Fitting a new bath:
Baths are a traditional part of most homes and come in a range of styles, sizes and designs. They are less space, accessibility and energy efficient than showers but can also provide a more relaxing option to bathing and come in various design and material options for a stylish or practical look.
The style of the bath you choose comes down to a lot of factors – functionality, space and design. The bath you choose needs to suit your lifestyle, space and style so can vary in size and design depending on your circumstance and how you will use it. Bath material can vary from more common acrylic to cast iron, steel and even traditional stone. With a bath being such a large element of the room, it is worth considering from the get go whether you are looking for a more traditional or modern look to your bathroom.
For those who want a standout centrepiece to their bathroom (space allowing) freestanding models can be a great option if you have a larger bathroom with space all around. These kinds of baths mean you can access the tub from all the way around. Freestanding baths can vary from traditional style tubs with feet for a timeless look compared to more modern designs which give a contemporary feel. Freestanding baths are, however, more expensive to fit due to the drainage needed – some floors will be much more accommodating than others and can mean a lot of pre-work to the floor and piping before fitting.
Usually placed against a wall or in a corner, fitted baths are the most popular option for most homes – taking up less space and requiring less work before fitting. The downsides of fitted baths come in their lack of entry points compared to freestanding models as the sides fitted in to walls mean less points of entry. Fitted baths also come in a corner option with a more rounded wall, these fit perfectly into the corners where walls meet and are great for space saving but can mean a more cramped bathing space.
Single or double ended?
When fitting your bath, you need to consider your bathing requirements and preferences. Single ended baths with taps at one end mean only one option for laying, whilst double ended models with centre taps give more variety as you can vary your position when bathing.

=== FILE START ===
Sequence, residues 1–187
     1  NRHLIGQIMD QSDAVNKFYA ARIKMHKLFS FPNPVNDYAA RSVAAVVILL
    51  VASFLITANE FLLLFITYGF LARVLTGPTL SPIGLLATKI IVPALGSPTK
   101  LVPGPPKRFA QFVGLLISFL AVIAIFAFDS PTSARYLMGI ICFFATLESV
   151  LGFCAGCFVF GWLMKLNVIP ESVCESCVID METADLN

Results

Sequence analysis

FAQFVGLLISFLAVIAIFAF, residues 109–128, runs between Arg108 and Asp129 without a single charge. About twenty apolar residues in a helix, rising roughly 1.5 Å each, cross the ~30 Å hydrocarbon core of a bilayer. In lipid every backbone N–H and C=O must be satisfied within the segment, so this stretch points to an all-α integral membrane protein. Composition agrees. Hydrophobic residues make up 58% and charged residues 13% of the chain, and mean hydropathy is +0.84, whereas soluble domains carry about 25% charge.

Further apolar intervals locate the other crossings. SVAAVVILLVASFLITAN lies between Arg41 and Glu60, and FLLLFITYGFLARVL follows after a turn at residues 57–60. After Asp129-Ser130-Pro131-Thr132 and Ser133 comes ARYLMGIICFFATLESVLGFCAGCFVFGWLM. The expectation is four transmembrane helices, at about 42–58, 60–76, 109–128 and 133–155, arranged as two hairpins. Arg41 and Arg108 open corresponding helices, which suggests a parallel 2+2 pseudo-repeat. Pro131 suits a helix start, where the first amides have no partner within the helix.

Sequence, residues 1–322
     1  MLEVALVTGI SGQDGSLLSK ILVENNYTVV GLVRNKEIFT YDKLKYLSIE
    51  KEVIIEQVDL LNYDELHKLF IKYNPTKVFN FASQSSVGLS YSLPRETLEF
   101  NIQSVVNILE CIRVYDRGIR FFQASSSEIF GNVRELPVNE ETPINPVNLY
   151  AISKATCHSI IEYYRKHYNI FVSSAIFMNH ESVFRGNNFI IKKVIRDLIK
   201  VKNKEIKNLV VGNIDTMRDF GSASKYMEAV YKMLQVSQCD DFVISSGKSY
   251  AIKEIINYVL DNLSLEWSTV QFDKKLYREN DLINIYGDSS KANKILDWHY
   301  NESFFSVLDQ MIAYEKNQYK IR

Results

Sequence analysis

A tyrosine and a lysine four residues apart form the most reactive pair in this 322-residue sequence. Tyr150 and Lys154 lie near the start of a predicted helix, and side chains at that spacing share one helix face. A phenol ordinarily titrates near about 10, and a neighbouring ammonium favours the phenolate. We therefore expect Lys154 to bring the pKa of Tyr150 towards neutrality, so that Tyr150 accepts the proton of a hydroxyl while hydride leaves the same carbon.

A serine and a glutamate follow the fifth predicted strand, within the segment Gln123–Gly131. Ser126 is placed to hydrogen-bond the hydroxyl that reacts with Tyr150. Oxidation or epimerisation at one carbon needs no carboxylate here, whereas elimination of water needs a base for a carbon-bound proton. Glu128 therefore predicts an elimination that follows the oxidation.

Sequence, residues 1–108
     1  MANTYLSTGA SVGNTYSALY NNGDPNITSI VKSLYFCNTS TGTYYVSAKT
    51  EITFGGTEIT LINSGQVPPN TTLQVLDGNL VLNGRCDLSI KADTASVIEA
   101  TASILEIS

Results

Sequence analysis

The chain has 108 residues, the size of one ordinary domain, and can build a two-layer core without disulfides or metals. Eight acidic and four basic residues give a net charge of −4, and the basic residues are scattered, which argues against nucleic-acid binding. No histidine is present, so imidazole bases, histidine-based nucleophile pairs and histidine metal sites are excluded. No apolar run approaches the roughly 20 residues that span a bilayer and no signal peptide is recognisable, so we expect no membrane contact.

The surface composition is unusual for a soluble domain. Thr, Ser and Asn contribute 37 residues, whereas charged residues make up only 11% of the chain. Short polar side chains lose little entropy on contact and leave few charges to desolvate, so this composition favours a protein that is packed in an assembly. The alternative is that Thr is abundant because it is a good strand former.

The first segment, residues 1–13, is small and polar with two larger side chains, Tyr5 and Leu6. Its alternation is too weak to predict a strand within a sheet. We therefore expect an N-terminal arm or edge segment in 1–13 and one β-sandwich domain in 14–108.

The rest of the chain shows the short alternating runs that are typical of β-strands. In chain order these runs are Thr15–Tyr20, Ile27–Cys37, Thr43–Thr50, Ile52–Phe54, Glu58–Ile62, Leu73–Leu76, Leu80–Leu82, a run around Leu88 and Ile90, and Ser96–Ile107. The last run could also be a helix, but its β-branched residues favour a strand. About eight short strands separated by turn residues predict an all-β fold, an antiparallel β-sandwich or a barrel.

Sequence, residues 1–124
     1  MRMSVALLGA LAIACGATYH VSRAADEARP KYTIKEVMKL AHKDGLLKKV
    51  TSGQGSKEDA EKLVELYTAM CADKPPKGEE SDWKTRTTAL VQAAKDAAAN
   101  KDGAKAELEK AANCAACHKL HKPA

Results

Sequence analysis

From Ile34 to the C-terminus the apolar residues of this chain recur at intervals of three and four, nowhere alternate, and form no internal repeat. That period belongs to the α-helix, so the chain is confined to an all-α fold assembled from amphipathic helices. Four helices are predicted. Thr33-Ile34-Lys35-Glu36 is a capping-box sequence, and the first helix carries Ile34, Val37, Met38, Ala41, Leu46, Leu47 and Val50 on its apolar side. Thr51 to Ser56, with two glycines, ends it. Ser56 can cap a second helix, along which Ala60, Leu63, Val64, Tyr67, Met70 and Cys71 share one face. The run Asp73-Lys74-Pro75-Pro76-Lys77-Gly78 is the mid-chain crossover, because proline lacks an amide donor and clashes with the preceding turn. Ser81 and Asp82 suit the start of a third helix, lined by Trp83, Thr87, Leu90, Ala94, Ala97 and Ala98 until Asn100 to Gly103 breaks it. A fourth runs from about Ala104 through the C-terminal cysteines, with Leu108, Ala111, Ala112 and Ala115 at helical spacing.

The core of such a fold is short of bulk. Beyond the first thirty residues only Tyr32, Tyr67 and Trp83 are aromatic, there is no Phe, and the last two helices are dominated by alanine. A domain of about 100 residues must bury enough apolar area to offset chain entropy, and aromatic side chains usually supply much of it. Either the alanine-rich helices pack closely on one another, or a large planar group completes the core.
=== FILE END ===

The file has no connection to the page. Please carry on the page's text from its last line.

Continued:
Taps and brassware
The position and style of your taps can have a big impact on the style of your bath with hundreds of designs, finishing and fitting options available.
Many traditional designs come with deck mounted taps – fitted into the edge of the unit either end or in the middle.
These come with plumbing hidden within the wall and the taps hanging over the tub to fill, freeing up space on the bath edges.
Another, more contemporary option is a ‘floor mounted’ style which are particularly well paired with freestanding baths. Floor mounted taps are fitted from the floor with piping exposed and sit next to the bath with the facet hanging over for filling. These can be placed anywhere in the room depending on plumbing position.
Want to know more about different types of taps? Check out our buying guide:
How about both?
Why not add the practicality of a shower with the relaxation of a bath and combine the two? Shower Baths make a great addition for those who need a quick, convenient shower but also enjoy a long soak in the bath from time to time. With a wall or floor mounted shower unit fitted these types of baths are becoming more popular to accommodate smaller bathrooms and can come with or without enclosure panels.